HCN News & Notes

Baystate Physical Therapist Offers Safety Tips for Youth in Sports Camps

WARE — With the intention of developing athletes’ skills in various sports, including football, soccer, field hockey, basketball, and cheerleading, summer sports camps offer a curriculum designed for student athletes at all levels.

“Participation in youth sports camps during the summer months can offer plenty of exercise and physical activity and can help student athletes develop a wide variety of skills,” said Peter Ouellette, physical therapist and manager of Rehabilitation Services at Baystate Mary Lane Hospital, adding that an estimated 40 million kids throughout the country participate in athletic activities both in and out of school each year.

However, he went on, “while it’s a great way for young athletes to prepare for tryouts and competition in the fall and winter sports programs, one in 10 of those students will end up with an injury or illness. Most of these injuries are to the lower extremity and are commonly contusions, blisters, and abrasions. Muscle strains and joint sprains may also occur at a lower frequency, and we have also become much more aware of the potential for, and screening of, sports concussion, especially in the contact sports. Fatigue, dehydration, and poor conditioning can obviously play a role in sports injury, though poor choices in clothing, especially footwear, can also be a factor.”

Some discomfort is normal with the onset of a new or renewed sports activity, such as muscle aches or stiffness after hard practice. When an overuse injury occurs, young athletes should modify the intensity, duration, and/or frequency of the activity to allow the body to recover and heal itself. This distress is known as ‘delayed-onset muscle soreness,’ and the discomfort develops one or two days after the beginning of intense activity and typically lasts three to five days. Although performance may be reduced for a few days, the body accommodates to the new stress as the muscles become conditioned.

Students, coaches, and parents should be aware of the signs signaling the progressive onset of an overuse injury: initially feeling pain at the beginning of activity, then discomfort throughout practice, leading to soreness during and after practice, particularly pain lasting for several days. An athlete limping during practice and games should be immediately assessed by an athletic trainer or physical therapist to establish the severity of the condition and the potential need for rest and/or physician referral.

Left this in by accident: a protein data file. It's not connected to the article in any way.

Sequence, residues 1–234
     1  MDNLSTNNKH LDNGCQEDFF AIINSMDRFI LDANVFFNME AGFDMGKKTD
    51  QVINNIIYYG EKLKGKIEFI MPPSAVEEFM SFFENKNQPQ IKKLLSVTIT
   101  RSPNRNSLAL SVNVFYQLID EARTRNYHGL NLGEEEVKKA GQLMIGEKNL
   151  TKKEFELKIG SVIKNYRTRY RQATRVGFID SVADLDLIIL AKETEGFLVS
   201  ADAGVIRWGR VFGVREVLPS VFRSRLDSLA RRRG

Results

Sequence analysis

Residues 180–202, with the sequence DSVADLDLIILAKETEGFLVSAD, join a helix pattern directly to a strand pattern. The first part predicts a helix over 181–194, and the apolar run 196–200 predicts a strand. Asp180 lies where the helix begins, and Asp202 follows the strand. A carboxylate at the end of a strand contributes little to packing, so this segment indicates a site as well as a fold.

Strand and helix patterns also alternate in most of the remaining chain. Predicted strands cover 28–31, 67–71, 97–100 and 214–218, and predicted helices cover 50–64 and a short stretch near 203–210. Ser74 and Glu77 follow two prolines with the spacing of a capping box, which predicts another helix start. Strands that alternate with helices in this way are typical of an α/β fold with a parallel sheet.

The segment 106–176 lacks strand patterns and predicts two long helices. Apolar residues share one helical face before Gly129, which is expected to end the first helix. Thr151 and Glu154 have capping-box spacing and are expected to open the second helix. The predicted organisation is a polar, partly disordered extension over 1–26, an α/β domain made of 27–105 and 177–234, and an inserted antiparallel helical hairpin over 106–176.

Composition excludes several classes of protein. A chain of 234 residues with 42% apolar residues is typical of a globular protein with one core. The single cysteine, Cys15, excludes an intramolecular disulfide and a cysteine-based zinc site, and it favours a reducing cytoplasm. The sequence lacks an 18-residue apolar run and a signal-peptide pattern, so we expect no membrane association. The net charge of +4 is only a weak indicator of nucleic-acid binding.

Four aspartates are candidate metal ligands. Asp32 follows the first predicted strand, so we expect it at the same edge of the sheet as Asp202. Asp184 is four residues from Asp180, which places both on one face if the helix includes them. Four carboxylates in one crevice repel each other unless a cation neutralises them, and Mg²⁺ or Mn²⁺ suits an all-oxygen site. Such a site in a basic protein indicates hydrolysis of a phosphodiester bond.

“An overuse injury is preventable,” said Ouellette. “You can’t just put ice on these injuries and expect them to go away. Recovery is often slow and very difficult to achieve. Early recognition, rest periods, and specific treatment of an injury are key to preventing a chronic condition and getting the player back on the field.”

A warmup followed by a light stretching program prior to athletic activity is recommended. Stretching following sports participation may help the body prepare for the next bout of exercise. Slow, sustained stretching is significantly safer and more effective than bouncing. As beneficial as stretching is, it is not a cure-all and will not prevent injuries from occurring when athletes push their bodies too far.

“One important item to remember is that, when injury does occur, full recovery is never guaranteed, so prevention really is the key,” said Ouellette. “Athletes must get fit for their sport rather than use the sport to get fit. Student athletes should see the camp’s athletic trainer if they are having any excessive or prolonged discomfort, so that the problem can be addressed before it develops into a serious injury.

“If protective gear is required for a game, it’s important for practice, too. Warm up and stay hydrated for practice just as you would for a game,” Ouellette went on, offering these additional tips:

• Make sure all protective gear is the right size and properly adjusted;

• Never play through an injury. Get immediate help from a coach or trainer, and be sure to mention everything that hurts or aches;

• Rest often and rehydrate with water or an electrolyte sports drink. In two hours of activity, student athletes can lose a quart of fluid by sweating;

• Follow the rules. In most sports, the rules are based on not only sportsmanship but safety;

• Don’t break in new footwear during camp. Bring two pairs of cleats and socks, especially if the grass is wet with morning dew or rain; and

• Have a topical anti-chafing product in your sports bag to apply at the first indication of chafing or a blister.

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